One week after President Trump won the election, some Washington residents protested against him on the Capitol grounds. One sign, illustrated with an outline of the District of Columbia, read, “Don’t Drain my Swamp.”
The federal capital's incestuous network of revolving-door cronies and entrenched bureaucrats have so protected and increased their own power in recent years that the five wealthiest counties in America are all within commuting distance of Capitol Hill.
These swamp creatures complain that Trump is bringing in too many outsiders. Beltway insiders consider it a crime that the president has nominated critics of agencies to head those very agencies — see Scott Pruitt at the Environmental Protection Agency and Scott Garrett at the Export-Import Bank — when in truth, it's praiseworthy. Trump should wear those criticisms as a badge of honor.
But he seems in some areas to have confused the value of bringing in outsiders with a disregard for expertise. On more than one occasion, the president has hired or nominated people clearly unqualified for the job.
We’re not talking only about Trump’s "Apprentice" co-star Omarosa Manigault Newman, who was run out of the White House last week, but she is a fine example. She has a Ph.D., and is ordained as a minister, but how she was qualified for a top job in the Office of Public Liaison was never explained. She seemed to lack the relevant networks, personality traits, and experience to do the job well. She was blasted as having “absolutely no standing in the Black community, nor any institutional knowledge of Black Republicans or the Republican Party.”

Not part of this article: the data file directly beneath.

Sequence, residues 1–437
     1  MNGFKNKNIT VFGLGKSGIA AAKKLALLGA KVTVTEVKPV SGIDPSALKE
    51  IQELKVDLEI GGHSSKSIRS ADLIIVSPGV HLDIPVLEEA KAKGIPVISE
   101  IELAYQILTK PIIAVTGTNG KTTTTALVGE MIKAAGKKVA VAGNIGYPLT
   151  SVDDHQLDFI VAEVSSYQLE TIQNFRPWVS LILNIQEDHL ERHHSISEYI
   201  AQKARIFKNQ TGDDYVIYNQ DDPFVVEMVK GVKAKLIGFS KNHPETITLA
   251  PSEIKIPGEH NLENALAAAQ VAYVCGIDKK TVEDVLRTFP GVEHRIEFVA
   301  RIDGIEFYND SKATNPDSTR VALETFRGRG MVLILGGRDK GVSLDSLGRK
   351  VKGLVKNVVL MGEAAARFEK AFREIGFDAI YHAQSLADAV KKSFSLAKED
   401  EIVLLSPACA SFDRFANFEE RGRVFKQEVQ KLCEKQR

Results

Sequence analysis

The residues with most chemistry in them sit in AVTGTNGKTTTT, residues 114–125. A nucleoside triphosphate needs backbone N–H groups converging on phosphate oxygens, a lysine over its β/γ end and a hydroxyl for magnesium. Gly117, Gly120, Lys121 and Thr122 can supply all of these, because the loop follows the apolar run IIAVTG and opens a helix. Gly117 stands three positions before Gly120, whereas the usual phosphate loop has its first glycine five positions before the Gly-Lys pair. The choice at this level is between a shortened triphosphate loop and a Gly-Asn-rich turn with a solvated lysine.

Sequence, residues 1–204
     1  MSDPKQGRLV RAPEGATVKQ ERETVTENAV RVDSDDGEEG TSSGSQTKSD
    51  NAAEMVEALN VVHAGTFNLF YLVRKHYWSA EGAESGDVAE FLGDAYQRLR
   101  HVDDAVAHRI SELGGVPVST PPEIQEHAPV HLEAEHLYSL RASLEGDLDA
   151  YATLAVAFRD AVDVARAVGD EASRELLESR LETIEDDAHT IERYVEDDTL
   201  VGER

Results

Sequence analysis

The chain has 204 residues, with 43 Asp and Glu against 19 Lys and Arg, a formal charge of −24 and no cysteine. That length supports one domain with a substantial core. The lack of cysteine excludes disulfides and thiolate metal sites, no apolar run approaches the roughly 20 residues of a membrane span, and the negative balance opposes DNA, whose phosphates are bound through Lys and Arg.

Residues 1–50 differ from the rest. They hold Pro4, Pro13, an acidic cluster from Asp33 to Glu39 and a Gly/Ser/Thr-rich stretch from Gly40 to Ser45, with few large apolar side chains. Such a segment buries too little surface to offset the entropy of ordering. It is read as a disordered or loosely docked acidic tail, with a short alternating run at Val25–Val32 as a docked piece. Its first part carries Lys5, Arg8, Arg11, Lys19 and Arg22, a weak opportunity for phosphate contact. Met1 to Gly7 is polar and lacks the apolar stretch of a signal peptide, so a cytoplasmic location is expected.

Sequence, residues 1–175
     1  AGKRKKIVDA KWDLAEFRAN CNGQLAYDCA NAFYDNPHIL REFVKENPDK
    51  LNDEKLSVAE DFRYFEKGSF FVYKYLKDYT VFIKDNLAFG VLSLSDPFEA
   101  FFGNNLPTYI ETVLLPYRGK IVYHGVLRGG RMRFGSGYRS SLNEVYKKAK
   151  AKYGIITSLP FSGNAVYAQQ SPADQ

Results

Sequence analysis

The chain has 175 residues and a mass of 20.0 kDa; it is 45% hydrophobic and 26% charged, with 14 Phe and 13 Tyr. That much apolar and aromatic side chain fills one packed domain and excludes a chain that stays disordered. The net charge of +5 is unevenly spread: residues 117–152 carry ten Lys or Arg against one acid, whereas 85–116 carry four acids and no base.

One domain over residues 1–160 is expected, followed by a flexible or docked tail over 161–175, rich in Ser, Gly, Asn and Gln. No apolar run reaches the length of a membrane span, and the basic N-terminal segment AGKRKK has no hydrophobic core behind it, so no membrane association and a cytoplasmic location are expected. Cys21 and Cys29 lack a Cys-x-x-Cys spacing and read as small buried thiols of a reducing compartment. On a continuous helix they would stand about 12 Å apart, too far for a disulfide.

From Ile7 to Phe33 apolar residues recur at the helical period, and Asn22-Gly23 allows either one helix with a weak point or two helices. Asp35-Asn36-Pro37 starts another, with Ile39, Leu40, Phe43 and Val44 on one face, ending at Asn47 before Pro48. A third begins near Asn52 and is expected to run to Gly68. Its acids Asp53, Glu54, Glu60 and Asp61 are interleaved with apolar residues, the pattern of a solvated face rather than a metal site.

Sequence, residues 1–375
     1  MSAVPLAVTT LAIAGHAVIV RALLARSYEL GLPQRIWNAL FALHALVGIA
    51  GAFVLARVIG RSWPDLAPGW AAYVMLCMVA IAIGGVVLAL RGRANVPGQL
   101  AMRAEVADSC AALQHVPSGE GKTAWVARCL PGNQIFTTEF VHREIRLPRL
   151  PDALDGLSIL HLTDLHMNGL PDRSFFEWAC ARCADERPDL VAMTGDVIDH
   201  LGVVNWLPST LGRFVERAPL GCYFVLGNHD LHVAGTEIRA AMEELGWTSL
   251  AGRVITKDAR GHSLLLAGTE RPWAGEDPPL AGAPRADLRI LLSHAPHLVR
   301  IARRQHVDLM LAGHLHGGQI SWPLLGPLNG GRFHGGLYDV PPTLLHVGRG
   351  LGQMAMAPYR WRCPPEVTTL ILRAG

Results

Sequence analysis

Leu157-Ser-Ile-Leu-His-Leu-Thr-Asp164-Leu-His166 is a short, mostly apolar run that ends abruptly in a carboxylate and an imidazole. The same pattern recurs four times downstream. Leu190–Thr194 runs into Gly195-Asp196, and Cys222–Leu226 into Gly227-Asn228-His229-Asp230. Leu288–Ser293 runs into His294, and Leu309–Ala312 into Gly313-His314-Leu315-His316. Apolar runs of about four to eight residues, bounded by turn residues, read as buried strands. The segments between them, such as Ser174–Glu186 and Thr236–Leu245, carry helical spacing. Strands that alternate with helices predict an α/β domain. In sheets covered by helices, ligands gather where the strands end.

Personal loyalty and name recognition are no substitute.
Of more consequence have been Trump’s nominees to lifetime appointments requiring Senate confirmation. Matthew Spencer Petersen, Trump’s nominee to the U.S. District Court for the District of Columbia, put on an embarrassing performance last week before the Senate Judiciary Committee. He admitted under Republican questioning to having no courtroom experience — as in, none — and to a glaring ignorance of common principles of legal doctrine.
This sort of nomination is damaging, first and most simply because the country needs qualified judges and administrators.
Second, filling a district court slot with a subpar conservative shrinks the high-caliber conservative bench for higher court openings in the future.
Third, it gives ammunition to the Left. Liberals assert speciously that any judge disapproved of by the left-leaning American Bar Association shouldn’t be confirmed. They even tried to say this year that devout Catholicism disqualifies a nominee. Putting up unqualified nominees makes it easier for the Left to confuse the friendly mainstream media that a good nominee is similarly not up to snuff.
Ideology or personal loyalty aren’t enough. The Trump administration needs to demand relevant experience and knowledge before hiring or nominating anyone. Until the administration starts maintaining such standards, it will be up to Republicans in the Senate to enforce them.